But the flip side of that is that this is a very stressful time, and so you really don’t want to risk your mental health. If the stock market is adding additional stress on top of everything else that’s going on, and you feel like you really can’t deal, you’re not sleeping, you’ve already sold, you can’t stop checking those account balances, then that’s a really good sign that you’re probably taking more risk than you can handle. And so it’s better to take less risk and be able to stick with your portfolio than take too much and be panic selling every time the market makes a turn for the worst. So, that’s a good signal to dial it back.
Sean: And what about folks who are closer to retirement? I know a lot of people are probably concerned that they won’t ever be able to retire because of recent drops in the market.
Arielle: If you’re near retirement, it’s a little bit of a different story but not totally. You still need to remember that you have a long time horizon, so you don’t stop investing on the day that you retire. You still need your money to last 20, 30, maybe even more years, and that means you need to keep it invested. And so you should still be thinking with those years in mind, but a lot of financial planners recommend having a pot of safe money. What that means is that you have cash available in savings or safer investments that you can cover for at least the first few years of retirement so that you’re not having to sell investments to fund your expenses, you’re building in that time horizon where you’re not going to need to sell stocks when they’re down because you have that cash available to fund your lifestyle during the beginning of retirement.
If you’re near retirement and you haven’t rebalanced or reevaluated how much risk you’re taking, it’s really important to do that. It’s not a great time to rebalance right now, but you should definitely be taking less risk as you approach retirement. And so take a look at that and make sure that you’re allocated the right way for when you’re retiring and how much risk tolerance you’re willing to take. And then I think at times like this you get itchy fingers, you want to do something. And it’s really important to control what you can control. So a lot of times that means saving more money if you can. You can look and see if you can lock in higher interest rates with CDs before they fall further. You could shop around and see if you can find a higher-yield savings account.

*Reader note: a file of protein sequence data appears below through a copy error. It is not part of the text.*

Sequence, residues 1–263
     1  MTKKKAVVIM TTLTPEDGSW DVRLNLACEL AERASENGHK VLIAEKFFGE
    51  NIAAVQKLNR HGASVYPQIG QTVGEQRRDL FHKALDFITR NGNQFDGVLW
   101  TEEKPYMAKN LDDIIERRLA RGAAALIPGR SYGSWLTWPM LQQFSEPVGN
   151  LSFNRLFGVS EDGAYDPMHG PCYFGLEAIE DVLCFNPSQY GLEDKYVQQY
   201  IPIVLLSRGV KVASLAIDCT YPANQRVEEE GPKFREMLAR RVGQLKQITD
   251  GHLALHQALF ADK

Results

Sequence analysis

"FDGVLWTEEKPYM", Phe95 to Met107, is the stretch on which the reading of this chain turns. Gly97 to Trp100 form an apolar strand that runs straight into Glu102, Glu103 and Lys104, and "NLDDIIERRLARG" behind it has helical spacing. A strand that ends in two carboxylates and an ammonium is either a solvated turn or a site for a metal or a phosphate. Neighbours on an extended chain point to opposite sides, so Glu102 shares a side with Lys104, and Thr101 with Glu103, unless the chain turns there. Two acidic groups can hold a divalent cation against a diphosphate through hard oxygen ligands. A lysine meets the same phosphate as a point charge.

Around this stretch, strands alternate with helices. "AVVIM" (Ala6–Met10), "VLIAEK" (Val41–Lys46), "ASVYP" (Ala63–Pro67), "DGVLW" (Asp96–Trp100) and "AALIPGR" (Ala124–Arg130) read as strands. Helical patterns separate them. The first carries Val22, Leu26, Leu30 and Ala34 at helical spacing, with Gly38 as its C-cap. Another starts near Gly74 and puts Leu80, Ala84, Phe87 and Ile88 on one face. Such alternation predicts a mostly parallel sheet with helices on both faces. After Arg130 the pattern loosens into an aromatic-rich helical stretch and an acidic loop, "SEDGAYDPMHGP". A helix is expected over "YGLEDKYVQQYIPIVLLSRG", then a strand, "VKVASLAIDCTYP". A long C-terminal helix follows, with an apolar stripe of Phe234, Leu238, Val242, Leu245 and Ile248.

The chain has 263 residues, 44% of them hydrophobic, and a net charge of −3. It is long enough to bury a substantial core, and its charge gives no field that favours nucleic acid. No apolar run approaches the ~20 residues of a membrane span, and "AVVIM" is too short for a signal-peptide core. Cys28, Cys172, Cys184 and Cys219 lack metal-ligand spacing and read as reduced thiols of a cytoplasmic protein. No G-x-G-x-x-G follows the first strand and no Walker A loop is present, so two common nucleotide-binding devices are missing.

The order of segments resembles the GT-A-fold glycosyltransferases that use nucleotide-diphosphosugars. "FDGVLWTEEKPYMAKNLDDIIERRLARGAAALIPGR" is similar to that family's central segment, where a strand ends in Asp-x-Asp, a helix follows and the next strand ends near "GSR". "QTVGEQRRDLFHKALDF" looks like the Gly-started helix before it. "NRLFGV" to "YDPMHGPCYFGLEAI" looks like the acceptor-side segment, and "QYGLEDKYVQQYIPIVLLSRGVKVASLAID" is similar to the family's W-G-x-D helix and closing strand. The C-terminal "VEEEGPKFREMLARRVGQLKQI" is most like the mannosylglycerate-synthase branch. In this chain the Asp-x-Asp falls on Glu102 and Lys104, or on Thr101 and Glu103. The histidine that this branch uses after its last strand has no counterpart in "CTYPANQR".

You can increase your 401(k) contribution if you’re going to be in there peeking at the balance anyway. Bump it up a percent. That might make you feel a little better. Max out an IRA. Consider investing more in 529s, if you have kids, for college. I did that the other day. Made me feel pretty good. And so those are all things that make you feel like you’re doing something, and they’re all positive actions that are good reactions to stock market volatility. And then if you find yourself in need of cash, it’s really important to know where you should get that money. Sara [Rathner] and Kim [Palmer] both talked about emergency funds and the importance of having that. But if you don’t have that or you find yourself running through it, then you should look at other cash savings, taxable investment accounts because you can pull money out of those without penalties.
And then retirement accounts are really last on the list. You want to preserve that money for retirement, and there are often penalties and taxes for pulling your money out. But a Roth IRA is sort of what we call like the best last resort because you don’t get taxed or penalized for pulling your contributions out. So that’s money that you’ve put into the account. Not your investment earnings, those fall under different rules. But you can pull your contributions back out at any time. So if you need to do that, and I would stress again, best last resort, then that’s the best retirement account to tap if you have one.
Liz: Getting back to the idea that stocks are on sale — is now a good time to invest more?
Arielle: I would argue that it’s always a good time to invest more, as long as you have the basics covered. [You have] that emergency fund that we talked about, you are investing for the five-year or more timeline that we talked about. If all of those things are true and you don’t have high interest rate debt, then yes, I think now is a good time to invest more money for sure. But don’t try to time the market. Never a good idea.